The World Bank has rejected Pakistan’s objections to India’s repeated violations of the Indus Waters Treaty, the most prominent one of whom is the Kishanganga Dam, hereby permitting India to continue building more dams solely for the purpose of stealing Pakistan’s water. Pakistan has thus far been unable to put an end to this naked aggression and therefore, it would suffice to say we have lost the war for water despite being a nuclear power.
According to a study, Pakistan may run out of water by 2025, hence, the window for meaningful action in this regard is fast closing. If we start now, it would take at least six years to complete the Kalabagh dam, which is almost the amount of time for which Pakistan’s water supply is slated to remain intact. The effects of the water shortage brought forth by India’s water conspiracy have already started taking their toll on Pakistan’s agriculture, with our mango exports, kharif (monsoon) and rice crops in danger due to irrigation problems.
Moreover, without securing our water resources, we cannot ensure an absolute end of power outages. Hence, India achieves two goals by diverting the flow of rivers into Pakistan at the same time. Firstly, the utter chaos and even anarchy in the long-term, when the citizens’ protests for water turn violent. Secondly, the damage to Pakistan’s economy caused by the suffering agriculture as well as the power-hungry industries. Both would play a huge role in destabilising Pakistan to the core – an objective that remains the guiding principle of India’s hateful, war mongering policies towards Pakistan.
The future looks dark, with Pakistan about to turn barren, thanks to a vengeful neighbour bent on destroying us. However, our own highly inept governance hasn’t helped either.
Corrupt politicians, notably the Pashtunkhwa Milli Awami Party’s (PkMAP) chief Mehmood Khan Achakzai, Asfandyar Wali Khan of the Awami National Party (ANP) and Maulana Fazlur Rehman have been playing dirty politics on the Kalabagh dam issue their entire careers. Having built the premise against dams by citing fabricated facts, they do it for their own petty gains and coerce the state of Pakistan into not building more dams. Playing the Pakhtun card, threatening to split Pakistan, using intimidation and aggressive slogans vowing to annihilate Pakistan if the Kalabagh dam is built, all constitute some of the tactics nefariously used by these “leaders”.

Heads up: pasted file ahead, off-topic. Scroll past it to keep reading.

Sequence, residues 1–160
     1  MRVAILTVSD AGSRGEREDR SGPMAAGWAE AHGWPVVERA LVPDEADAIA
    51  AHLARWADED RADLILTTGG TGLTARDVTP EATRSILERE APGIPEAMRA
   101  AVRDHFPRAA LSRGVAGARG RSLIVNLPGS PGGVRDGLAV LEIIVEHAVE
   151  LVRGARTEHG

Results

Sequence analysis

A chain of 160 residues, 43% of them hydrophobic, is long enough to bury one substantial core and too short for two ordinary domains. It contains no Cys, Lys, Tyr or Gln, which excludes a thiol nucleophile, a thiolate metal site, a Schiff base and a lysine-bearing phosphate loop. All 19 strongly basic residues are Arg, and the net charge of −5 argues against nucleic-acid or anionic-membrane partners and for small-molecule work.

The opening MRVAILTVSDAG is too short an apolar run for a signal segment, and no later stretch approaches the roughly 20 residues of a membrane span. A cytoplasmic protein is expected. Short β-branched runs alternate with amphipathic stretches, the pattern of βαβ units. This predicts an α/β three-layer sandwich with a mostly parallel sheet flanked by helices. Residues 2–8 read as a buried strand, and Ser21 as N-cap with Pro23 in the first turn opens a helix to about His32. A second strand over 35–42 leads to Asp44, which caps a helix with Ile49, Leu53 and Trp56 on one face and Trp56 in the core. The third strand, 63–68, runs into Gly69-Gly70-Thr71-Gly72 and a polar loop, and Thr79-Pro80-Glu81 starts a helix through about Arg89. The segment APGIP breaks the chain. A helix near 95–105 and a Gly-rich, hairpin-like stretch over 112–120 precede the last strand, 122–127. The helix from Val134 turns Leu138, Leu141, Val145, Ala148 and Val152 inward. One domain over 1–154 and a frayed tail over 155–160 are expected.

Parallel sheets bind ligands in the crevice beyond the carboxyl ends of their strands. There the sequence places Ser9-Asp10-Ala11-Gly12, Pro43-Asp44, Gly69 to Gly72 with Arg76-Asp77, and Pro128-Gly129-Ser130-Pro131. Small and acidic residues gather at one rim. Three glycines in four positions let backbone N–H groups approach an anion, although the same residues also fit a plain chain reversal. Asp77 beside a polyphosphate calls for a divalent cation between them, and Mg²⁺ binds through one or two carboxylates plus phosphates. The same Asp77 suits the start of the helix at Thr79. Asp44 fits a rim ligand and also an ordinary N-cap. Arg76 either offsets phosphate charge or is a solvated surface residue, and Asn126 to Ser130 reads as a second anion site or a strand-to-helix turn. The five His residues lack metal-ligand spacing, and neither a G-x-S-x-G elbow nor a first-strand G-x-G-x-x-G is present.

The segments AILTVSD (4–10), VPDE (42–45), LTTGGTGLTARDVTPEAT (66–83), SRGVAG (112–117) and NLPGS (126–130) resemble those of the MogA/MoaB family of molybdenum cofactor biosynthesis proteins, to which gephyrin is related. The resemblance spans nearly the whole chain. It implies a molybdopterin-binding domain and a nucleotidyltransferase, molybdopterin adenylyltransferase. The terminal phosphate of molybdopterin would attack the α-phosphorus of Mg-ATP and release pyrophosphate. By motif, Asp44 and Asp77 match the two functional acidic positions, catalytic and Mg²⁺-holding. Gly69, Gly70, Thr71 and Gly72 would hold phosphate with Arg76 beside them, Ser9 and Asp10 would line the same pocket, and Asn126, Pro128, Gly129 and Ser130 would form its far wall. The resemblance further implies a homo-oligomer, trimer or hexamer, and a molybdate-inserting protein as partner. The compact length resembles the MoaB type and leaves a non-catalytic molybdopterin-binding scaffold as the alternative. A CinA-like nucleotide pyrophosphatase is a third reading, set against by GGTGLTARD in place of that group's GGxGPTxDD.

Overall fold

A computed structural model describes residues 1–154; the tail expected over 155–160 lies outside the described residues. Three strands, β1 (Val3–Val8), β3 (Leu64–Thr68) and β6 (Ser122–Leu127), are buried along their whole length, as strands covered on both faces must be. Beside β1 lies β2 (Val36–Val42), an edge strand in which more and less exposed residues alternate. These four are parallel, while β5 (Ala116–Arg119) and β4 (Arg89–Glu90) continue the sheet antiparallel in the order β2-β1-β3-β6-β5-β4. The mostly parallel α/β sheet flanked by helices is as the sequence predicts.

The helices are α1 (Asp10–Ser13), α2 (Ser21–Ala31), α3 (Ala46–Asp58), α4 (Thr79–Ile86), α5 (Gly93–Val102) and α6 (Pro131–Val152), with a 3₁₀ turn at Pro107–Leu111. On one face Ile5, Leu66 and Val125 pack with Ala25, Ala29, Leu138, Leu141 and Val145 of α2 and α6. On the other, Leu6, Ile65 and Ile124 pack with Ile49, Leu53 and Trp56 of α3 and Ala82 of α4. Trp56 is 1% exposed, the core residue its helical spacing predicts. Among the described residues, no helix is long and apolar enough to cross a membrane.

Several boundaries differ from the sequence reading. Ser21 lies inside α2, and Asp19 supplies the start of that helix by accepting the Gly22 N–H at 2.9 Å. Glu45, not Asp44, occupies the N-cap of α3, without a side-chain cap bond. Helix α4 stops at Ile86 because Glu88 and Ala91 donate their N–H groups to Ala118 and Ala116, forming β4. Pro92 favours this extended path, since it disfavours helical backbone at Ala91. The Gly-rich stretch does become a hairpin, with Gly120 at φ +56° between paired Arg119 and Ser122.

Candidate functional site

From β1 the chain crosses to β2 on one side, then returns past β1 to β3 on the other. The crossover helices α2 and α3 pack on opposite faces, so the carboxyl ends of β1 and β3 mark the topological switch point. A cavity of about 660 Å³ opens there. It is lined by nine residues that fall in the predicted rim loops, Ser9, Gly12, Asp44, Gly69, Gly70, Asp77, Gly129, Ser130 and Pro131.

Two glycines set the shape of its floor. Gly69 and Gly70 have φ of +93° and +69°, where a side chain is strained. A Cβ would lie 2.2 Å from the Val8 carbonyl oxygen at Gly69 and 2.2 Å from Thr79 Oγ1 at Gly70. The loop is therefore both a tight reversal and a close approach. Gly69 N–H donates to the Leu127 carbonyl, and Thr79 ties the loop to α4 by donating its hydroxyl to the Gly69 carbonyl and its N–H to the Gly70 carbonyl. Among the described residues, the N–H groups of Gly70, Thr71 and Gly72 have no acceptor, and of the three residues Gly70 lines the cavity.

All hope is not lost though; we can still save ourselves from doom by demanding more dams be built. We may be spending this Eid in agony, but we can make sure that the many Eids to come aren’t the same as this one. A massive social media campaign is already ongoing in this regard, but perhaps more should be done on a grassroots level. For instance, in the upcoming General Elections, votes should be given only to those representatives who promise to build dams and work towards solving the water issue during their tenure.
As a nation, we should safeguard our national interests and preserve the future of our upcoming generations by saying no to those obstructing the building of more dams. We must also stand up against the water mafias and the privileged communities in cities that deprive the common citizens of water. This is the only solution, lest we intend on spending more Eids without water and electricity, while losing loved ones to the heat wave. The time to act is now, or we lose our collective future forever.
The views expressed by the writer and the reader comments do not necessarily reflect the views and policies of The Express Tribune.